Commuters from the South West now face an average 51-minute daily journey – the equivalent of 24 working days a year, according to TUC analysis released today (Friday) to mark Work Wise UK’s Commute Smart Week.
Getting to and from work now takes commuters in the South West an extra five minutes a day compared with a decade ago – the equivalent of an extra 19 hours a year spent on congested roads and packed trains. This takes in workers travelling into the region’s congested cities as well as long rural journeys to work.
Nationally, commuters are facing an average daily journey of 58 minutes, up five minutes from a decade ago.
The number of workers facing very long commutes (over two hours) is up by 34%, with 3,291,012 now facing very long journeys.
Rail commutes take longest
Rail commuters face the longest journeys, taking an average of two hours and 12 minutes every day – an increase of four minutes on the last decade.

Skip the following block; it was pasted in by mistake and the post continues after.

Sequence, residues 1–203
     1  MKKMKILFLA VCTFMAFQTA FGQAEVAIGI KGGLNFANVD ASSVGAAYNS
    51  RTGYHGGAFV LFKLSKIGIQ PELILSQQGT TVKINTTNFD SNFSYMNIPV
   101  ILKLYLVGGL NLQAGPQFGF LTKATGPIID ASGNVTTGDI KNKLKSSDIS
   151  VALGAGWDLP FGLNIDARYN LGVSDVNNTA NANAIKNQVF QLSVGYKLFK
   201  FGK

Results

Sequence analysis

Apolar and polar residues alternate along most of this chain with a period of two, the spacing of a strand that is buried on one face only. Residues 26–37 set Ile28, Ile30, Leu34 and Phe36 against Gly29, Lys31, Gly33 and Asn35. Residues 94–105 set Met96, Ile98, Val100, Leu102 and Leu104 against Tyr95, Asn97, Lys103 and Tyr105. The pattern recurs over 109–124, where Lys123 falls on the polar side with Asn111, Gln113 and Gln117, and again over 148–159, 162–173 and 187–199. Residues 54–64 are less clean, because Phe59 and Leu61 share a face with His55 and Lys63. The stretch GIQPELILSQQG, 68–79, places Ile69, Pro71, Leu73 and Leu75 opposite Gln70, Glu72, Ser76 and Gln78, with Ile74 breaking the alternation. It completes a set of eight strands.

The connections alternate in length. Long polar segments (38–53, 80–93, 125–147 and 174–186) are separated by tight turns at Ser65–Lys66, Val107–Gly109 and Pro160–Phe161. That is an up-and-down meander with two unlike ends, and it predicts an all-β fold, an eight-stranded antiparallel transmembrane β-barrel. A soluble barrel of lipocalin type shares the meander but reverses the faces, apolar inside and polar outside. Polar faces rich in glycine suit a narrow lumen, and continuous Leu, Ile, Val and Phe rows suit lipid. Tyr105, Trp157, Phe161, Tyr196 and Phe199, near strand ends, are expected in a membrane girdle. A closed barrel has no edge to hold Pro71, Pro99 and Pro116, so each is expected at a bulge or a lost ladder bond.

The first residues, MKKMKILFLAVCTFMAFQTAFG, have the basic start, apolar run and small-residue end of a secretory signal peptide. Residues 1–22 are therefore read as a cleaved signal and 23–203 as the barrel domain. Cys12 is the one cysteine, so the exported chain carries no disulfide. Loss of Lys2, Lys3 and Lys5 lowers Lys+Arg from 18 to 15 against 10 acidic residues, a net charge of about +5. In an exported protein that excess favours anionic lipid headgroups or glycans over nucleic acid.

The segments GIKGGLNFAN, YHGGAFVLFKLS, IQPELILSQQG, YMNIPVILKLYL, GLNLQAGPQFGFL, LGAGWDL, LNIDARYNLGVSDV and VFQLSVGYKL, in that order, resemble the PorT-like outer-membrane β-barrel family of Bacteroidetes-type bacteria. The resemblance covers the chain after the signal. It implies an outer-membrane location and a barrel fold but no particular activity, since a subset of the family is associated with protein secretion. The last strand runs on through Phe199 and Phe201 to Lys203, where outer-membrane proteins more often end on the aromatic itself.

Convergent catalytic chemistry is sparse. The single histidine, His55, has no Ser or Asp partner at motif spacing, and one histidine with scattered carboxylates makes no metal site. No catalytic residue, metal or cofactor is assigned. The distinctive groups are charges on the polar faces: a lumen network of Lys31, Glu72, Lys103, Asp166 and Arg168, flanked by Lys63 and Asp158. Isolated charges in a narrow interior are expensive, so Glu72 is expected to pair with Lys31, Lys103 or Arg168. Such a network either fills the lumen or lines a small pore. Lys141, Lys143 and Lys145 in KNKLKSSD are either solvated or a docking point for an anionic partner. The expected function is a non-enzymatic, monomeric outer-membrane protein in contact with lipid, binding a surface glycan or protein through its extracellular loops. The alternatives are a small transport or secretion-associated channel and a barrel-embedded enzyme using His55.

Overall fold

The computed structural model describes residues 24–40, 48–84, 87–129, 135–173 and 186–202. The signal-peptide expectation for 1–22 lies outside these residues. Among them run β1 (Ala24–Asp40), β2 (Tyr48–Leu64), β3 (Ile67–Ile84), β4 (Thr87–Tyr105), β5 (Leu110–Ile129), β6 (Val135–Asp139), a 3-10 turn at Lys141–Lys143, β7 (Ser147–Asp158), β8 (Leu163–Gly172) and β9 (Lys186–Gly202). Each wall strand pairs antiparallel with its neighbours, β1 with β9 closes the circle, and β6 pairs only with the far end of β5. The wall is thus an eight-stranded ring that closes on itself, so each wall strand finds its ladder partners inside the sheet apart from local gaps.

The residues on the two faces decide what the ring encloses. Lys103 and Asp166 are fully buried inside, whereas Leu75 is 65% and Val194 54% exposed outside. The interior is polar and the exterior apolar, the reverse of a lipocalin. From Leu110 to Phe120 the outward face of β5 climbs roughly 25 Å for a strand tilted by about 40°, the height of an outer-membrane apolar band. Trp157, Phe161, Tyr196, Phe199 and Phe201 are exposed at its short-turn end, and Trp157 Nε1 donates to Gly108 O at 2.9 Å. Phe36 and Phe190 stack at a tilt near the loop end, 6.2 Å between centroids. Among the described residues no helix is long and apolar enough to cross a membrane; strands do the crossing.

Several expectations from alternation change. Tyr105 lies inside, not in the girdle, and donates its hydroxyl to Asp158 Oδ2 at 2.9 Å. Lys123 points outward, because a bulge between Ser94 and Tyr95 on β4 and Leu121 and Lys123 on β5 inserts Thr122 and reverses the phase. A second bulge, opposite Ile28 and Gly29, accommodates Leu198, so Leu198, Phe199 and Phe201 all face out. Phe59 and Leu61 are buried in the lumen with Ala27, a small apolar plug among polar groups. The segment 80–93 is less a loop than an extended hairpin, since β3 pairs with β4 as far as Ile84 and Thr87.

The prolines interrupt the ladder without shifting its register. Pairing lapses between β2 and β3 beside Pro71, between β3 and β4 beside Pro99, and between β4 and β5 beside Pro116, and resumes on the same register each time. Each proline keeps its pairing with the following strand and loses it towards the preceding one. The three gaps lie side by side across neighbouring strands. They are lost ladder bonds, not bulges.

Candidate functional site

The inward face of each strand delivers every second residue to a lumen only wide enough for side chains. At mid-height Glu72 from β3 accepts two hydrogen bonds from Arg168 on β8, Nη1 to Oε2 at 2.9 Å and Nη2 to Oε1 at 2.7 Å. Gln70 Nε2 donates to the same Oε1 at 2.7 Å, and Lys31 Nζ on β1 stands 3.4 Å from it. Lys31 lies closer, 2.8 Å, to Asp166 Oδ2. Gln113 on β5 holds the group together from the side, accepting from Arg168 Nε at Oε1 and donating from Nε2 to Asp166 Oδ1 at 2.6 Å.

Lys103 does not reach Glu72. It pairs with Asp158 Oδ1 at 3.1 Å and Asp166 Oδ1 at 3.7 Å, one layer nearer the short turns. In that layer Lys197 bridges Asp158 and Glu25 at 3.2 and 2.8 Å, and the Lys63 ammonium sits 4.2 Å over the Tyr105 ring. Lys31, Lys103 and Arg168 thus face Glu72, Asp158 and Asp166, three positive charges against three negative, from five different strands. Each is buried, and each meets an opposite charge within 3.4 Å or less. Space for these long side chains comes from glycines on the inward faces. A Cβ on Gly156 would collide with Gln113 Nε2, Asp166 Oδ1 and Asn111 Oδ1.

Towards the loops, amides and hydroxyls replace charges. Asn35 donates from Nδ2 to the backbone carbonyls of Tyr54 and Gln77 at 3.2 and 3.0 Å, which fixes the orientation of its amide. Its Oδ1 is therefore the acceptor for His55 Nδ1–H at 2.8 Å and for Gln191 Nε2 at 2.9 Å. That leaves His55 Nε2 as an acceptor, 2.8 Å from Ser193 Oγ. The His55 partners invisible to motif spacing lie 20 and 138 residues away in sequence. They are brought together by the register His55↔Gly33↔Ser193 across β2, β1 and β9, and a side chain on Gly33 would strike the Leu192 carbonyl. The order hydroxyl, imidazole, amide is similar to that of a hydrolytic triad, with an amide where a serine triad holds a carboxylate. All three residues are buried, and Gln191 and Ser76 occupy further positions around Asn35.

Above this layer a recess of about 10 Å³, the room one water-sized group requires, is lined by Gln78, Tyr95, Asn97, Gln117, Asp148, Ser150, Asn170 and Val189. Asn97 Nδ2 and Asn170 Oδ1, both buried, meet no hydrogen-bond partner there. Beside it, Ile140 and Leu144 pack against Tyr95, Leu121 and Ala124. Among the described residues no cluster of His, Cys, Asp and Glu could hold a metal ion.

Drivers spend 52 minutes on the road to work and back (up by four minutes), while bus commuters must set aside 39 minutes a day (up by seven minutes).
Cyclists (43 minutes) and walkers (30 minutes) have the quickest daily journeys.
Commute times are increasing
The South West TUC blames growing commutes on three main factors:
- low government spending on transport infrastructure, compounded by hold-ups and bottlenecks;
- employers not offering flexible and home working;
- real wages falling while property prices soar, making it hard to move closer to work.
TUC Regional Secretary for the South WestNigel Costley said:
“We’re now spending 24 working days a year going to and from work. That’s wasted time, which could have been better spent with family and friends.
“Bristol is one of the most congested cities in the country and in rural areas many people find it difficult to live and work in the same place.
“Commutes should be getting shorter, but inflexible bosses and our cash-starved transport system mean we’re wasting more and more time getting to work.
“It doesn’t have to be like this. Home working and less rigid hours would take pressure off road and rail. And serious government investment could give us a transport network that’s up to the job.”